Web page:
The Five Factors Affecting the Severity of Tendinitis

You now know the cause of tendinitis, but there are five primary factors that determine the severity of the condition.

The first is simply the degree of misalignment in the joint. Obviously, the worse the misalignment the greater the stress on the tendon and the more inflammation and pain normally created.

The second factor is time. Usually, the longer a misalignment is present the more stress and increased scar tissue the muscle and tendon accumulates. This is why tendinitis will often get progressively worse. As people live, work and play they accumulate muscle damage leading to joint misalignments. As time passes, more damage accumulates. Since many of these imbalances are minor the person may not notice a problem until they are 40 or 50 years old. At that time, they begin to have inflammation and pain in whatever joints have been misaligned. Most just assume that it’s a natural part of aging and are unaware that a successful treatment exists, so they just live with the pain or use drugs or other treatments that just cover up their symptoms. Unfortunately, as the condition progressively worsens, stronger drugs and more radical treatments are required to deal with the pain.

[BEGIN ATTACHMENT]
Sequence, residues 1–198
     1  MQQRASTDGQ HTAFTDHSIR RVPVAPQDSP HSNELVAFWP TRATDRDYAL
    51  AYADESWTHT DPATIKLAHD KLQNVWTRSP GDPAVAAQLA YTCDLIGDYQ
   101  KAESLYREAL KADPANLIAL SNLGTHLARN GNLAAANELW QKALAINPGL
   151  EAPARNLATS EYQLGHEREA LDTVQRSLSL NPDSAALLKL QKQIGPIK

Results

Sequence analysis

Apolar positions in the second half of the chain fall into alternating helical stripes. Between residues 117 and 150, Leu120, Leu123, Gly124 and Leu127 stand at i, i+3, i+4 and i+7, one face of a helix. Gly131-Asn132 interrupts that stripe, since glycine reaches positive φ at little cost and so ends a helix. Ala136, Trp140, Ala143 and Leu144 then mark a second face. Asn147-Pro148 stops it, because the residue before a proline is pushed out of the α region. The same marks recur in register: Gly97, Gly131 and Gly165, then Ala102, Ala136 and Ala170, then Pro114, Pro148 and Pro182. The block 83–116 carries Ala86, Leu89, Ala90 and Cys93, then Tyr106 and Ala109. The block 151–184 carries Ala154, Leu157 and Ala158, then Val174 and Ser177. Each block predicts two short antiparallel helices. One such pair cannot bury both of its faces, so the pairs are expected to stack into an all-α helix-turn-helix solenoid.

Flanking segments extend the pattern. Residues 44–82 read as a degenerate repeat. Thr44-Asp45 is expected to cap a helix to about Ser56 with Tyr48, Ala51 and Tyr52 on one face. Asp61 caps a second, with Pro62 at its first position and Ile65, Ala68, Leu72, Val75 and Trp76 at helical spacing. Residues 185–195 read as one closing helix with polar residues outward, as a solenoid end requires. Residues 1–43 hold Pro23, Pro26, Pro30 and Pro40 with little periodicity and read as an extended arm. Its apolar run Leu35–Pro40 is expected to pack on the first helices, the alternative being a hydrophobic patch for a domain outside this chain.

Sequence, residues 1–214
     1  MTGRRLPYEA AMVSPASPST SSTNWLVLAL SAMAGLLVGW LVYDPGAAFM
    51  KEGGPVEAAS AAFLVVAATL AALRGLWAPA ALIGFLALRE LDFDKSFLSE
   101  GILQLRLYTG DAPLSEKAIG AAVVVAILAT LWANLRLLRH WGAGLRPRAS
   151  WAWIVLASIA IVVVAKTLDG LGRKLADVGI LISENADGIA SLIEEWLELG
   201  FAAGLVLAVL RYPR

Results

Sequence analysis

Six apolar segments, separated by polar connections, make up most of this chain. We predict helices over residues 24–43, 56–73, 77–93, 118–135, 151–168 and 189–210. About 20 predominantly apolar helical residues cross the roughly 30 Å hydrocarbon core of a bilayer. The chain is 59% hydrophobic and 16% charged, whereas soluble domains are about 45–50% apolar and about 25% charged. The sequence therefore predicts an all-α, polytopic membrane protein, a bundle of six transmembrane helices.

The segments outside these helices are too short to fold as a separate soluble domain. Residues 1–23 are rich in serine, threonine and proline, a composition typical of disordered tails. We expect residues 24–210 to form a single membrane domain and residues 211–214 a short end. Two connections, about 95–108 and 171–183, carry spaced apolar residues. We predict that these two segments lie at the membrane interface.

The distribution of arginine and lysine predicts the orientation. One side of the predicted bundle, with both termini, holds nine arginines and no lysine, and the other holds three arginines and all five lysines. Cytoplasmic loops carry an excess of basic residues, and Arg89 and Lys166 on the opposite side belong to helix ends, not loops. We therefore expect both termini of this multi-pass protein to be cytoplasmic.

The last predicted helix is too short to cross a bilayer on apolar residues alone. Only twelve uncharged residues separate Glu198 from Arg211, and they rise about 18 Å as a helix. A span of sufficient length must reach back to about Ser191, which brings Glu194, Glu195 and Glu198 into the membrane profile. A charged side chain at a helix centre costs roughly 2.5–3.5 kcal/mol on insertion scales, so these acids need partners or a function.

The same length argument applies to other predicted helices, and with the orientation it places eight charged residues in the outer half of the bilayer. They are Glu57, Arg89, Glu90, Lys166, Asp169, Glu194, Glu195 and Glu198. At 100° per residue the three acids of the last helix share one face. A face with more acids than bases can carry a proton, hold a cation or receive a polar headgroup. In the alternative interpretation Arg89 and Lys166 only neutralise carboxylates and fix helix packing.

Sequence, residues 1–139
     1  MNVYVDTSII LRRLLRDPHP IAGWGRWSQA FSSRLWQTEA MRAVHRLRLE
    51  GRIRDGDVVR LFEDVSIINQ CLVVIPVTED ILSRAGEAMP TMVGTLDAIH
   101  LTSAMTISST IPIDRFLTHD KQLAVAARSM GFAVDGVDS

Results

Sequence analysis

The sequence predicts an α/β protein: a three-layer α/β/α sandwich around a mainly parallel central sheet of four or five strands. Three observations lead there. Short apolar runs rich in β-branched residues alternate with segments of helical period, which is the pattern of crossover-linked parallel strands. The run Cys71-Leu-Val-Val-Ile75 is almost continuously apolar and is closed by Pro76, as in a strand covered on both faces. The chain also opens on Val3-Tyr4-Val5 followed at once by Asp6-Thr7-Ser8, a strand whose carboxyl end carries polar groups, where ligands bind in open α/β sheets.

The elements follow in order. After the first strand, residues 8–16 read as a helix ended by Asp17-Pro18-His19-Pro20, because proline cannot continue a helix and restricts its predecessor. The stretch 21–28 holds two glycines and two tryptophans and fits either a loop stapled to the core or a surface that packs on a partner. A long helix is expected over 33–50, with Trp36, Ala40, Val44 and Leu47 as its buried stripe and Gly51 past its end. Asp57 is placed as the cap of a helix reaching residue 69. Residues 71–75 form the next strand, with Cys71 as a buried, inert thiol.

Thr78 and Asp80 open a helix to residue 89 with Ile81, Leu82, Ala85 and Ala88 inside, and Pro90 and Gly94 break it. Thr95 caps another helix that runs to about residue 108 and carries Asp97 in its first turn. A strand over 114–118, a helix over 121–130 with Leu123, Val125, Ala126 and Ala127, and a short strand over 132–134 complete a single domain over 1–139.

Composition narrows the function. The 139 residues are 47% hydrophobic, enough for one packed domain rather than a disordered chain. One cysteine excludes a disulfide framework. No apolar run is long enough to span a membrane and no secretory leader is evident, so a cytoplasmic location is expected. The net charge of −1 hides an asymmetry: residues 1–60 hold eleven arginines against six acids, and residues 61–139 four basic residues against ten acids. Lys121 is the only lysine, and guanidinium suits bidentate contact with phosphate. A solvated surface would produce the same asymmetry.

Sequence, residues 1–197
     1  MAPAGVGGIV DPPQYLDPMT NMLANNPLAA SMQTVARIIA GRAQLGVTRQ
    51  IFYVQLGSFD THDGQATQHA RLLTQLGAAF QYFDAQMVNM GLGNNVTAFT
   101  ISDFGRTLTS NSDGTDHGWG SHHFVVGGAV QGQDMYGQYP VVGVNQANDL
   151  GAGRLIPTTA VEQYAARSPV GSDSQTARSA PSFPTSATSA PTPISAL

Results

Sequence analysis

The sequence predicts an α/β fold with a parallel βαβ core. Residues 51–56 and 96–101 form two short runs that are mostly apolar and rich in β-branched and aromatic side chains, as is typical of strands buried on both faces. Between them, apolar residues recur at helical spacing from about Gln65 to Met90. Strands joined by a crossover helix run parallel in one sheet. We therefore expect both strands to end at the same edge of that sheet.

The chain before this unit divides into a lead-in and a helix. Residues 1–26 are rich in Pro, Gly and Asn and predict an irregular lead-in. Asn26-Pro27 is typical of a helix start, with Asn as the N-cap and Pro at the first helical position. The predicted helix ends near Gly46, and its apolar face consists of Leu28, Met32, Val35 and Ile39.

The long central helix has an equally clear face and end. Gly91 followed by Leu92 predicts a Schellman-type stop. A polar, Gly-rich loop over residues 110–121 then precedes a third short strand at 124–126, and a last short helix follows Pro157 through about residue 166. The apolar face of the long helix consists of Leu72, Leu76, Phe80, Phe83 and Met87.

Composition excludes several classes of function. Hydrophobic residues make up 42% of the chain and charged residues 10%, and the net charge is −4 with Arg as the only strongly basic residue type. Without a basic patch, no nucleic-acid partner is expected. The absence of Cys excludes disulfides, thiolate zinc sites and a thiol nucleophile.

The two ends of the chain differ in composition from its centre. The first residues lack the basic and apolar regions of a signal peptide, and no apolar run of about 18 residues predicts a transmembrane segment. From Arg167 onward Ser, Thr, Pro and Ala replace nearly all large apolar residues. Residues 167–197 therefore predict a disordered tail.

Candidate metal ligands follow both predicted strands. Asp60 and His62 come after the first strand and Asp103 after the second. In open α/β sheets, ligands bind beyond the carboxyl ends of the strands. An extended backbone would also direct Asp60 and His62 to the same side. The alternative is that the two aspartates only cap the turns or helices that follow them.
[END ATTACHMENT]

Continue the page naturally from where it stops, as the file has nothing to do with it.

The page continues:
A third factor influencing the severity of tendinitis is the amount of use the affected joint receives. If someone is physically active in their job, sports, exercising or other activities, more inflammation and pain in the tendon will be created than if they are physically inactive.

The fourth factor is weight. It should be easy to see that weight-bearing joints such as feet, ankles, knees, hips and spine are going to receive more stress in a 250 pound person than in a 125 pound person. Reducing and maintaining a more normal body weight will usually reduce the pain of many tendinitis conditions.

The fifth factor comes from the bodies power of adaptation. When a joint is imbalanced the body actually creates other joint imbalances to compensate and reduce stress to the original imbalanced joint. This can often result in pain relief in the original injured area and explains why a lot of therapies appear to have resolved a problem when they really haven’t. Unfortunately, the compensating area will usually develop a problem of its own after a period of time because of the excessive stress it then receives.

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